You are on page 1of 6

THE BIRTH AND GROWTH OF THE SOCIAL SCIENCES

Learning Objectives

• Explain anthropological and sociological perspectives on culture, society and politics

• Acquire basic knowledge about origin, growth and development of the social sciences.

• Demonstrate curiosity and openness to explore the significance of the social sciences.

• Recognize the Western and colonial origins of third world social sciences and knowledge
production.

THE HISTORICAL BACKGROUND OF THE GROWTH OF SOCIAL SCIENCES

Before the birth of
modern social sciences in the West, the study of society, culture and politics were based on
social and political philosophy .In return, social and political philosophies were informed by
theological reasoning grounded in Revelation based on the holy bible.

the father of modern philosophy for defining a starting point for existence.which prosed universal laws of motion and mechanical model of the Universe .” .The Unprecedented Growth of Science • The scientific revolution which begun with Nicolaus Copernicus refers to historical changes in thought and belief.Philosopher and mathematician.Sir Francis Bacon .who established the supremacy of reason over imagination. In Europe roughly between 1550 and 1700 with the works of Sir Isaac Newton. therefore I am. “I think. René Descartes.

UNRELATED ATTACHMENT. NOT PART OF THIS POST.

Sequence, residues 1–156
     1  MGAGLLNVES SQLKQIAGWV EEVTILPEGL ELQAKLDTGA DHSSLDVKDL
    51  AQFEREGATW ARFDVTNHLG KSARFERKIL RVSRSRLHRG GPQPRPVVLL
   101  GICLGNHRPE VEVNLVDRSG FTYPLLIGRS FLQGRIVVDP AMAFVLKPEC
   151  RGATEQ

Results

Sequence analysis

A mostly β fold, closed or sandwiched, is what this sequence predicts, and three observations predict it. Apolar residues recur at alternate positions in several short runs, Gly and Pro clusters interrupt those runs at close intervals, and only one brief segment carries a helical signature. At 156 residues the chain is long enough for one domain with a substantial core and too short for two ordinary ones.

and its prominent exponents include Kant. convocation. diplomatic missions. 15.one of the leading figures in modern sociology. lectures. and Adam Smith.described this process as rationalization. Max Weber . Medieval Period • During the Medieval Period. graduation.universities relied mainly on religious tradition and the bible to explain the nature of the universe and the place of human being in the grand scheme of things. The Rise of Individualism • The intensification of commerce and trade gradually replaced barter with the production of money and banking system. Locke. the Near East and Europe. chancellor. texts. 13. merchants representatives of religious circles. and they are all derived from Latin. In 1881 he received his doctorate for his thesis on Kant's philosophy of matter. Voltaire. Goethe. donations. courses. The rise of Universities • As students at a university. sophomore. and so forth. dean.Soon banking system provided merchants and capitalists the leverage to extend credit and transactions. It was heavily influenced by 17th- century philosophers such as Descartes. students. 12. The organization of this university. Trade caravans. senior. fees. laboratory. grades. dormitory. administration. 18. are continuations of a barroom brawl that took place in Paris almost 800 years ago. faculty. The Dissolution of Feudal Social Relations • With the intensification of commerce and trade in the 17th century . GEORGE SIMMEL • Simmel studied philosophy and history at the University of Berlin. junior. assignments. • The factory system and the unprecedented growth in the urban centers due to trade and commerce. and are made consciously tolerable – or even admirable and superior – by plausible means 14. and Newton. Rationalization • Rationalization or rationalisation (also known as making excuses[) is a defense mechanism in which controversial behaviors or feelings are justified and explained in a seemingly rational or logical manner to avoid the true explanation. almost unchanged from their medieval origins. professor. These are the language of the university.attracted a lot of agricultural workers and mass of rural population to migrate to urban centers. alumni association. It was a way to establish contact with the great civilizations of China.many medieval guilds or worker’s cooperative were dissolved and absorbed into the emerging factory system. classes. neither the difficult roads. you are part of a great tradition. procession. diploma. requirements. Rousseau. the modern universities started to rely on science and its method to interpret the world. 16.Enlightenment • European intellectual movement of the late 17th and 18th centuries emphasizing reason and individualism rather than tradition. its activities and its traditions. 17. Trade and Commerce • For many centuries the Great Silk Road connected a complex network of trade routes from Europe with Asia. India. a part of which was subsequently published as "The Nature of Matter According to Kant's Physical Monadology" . nor the waterless deserts. Consider the words you use: campus. warriors – millions people have passed on this road through time with nothing frightening these brave travelers. dervishes. examinations. tuition. prerequisites. commencement.